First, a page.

In the process of preparing for A SLOW BOAT DOWN THE GANGES, the major purpose of the expedition was to raise awareness about pollution on the Ganges. We read in various news reports about how little is happening on cleaning the Ganges, how money is being pilfered away without having anything concrete to show in terms of results.

To be honest, I have been very pleasantly surprised and somewhat humiliated at having been swayed by what I have read. I have not seen any pollution on the Ganges. I have not seen even a single piece of plastic. Agreed, the expedition is less than 10% of its journey and I do not know what the situation will be downstream, when the population increases and factories start showing up on the riverfront towns and cities.

For the moment, the only problem I have witnessed is that of silt. This has to be addressed and some major desilting is called for. Paddling through the waters has been like paddling through a bowl of jelly. I suspect had there been less suspended particulates in the form of sand, paddling might have been much easier.

I have seen tremendous amount of work going on in all the villages I have visited, and heard from people I have spoken to, as far as toilet construction is concerned, awareness building about the perils of plastic usage, the need for each and every citizen to join hands with the Government to keep the river clean. I have been quite impressed so far.

Do not believe everything you read in the papers, or see on television, or indeed, receive on social media. It is a much better idea to gather as much information as you can to be able to arrive at a more informed opinion. Of course, the best way is first hand knowledge, which is what has changed my mind. But failing that, there is a lot of information available, and we need to take off our prejudiced glasses and see facts for what they are. Of course, there will be detractors and supporters, even us individuals who claim to be non affiliated, have opinions that are shaped by what we see and hear. Facts do not change, truth does not change, what changes is the lens we look at things through.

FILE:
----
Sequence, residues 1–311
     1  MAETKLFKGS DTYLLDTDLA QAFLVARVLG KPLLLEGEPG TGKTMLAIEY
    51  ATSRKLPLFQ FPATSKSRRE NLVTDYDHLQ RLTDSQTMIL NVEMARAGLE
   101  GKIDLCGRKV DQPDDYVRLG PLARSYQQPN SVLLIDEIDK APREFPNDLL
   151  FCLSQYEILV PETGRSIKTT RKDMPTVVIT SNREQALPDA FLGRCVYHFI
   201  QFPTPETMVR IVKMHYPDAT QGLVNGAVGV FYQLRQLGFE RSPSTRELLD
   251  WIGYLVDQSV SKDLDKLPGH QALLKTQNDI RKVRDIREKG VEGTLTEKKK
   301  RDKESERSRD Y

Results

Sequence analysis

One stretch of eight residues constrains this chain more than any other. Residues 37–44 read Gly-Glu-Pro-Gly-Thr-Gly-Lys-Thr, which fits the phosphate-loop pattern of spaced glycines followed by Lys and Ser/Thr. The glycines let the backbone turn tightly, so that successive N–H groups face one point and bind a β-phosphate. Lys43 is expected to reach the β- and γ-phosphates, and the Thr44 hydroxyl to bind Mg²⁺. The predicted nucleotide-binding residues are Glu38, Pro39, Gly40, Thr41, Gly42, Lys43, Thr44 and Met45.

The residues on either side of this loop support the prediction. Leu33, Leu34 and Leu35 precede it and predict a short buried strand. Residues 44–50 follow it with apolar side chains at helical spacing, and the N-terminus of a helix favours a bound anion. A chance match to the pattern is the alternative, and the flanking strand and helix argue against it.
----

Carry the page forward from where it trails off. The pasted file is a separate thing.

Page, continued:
5. Road support

Having a team as road support makes a whole lot of sense. It has not been easy for either me on the canoe, or for the road support team. Roads meeting up with the river are very difficult to find, if they at all exist. I pity the road support team comprising either Sam or Tara or both. This was the first time for them, as it was for me, and we were together trying to make sense of the madness we found ourselves in when trying to link up.

Theoretically, a map would show possible roads, and then there would be locals who could point in the right direction. Once the car managed to reach the river bank, the location could be shared with the paddlers, who would then head straight for that location. Much much much easier said than done, often impossible.

It is possible to do a recce of the entire river prior to the launch of the expedition, go up and down the river, identify possible sights, log them beforehand, and then launch. That takes time, money, manpower and funds. All of which we did not have.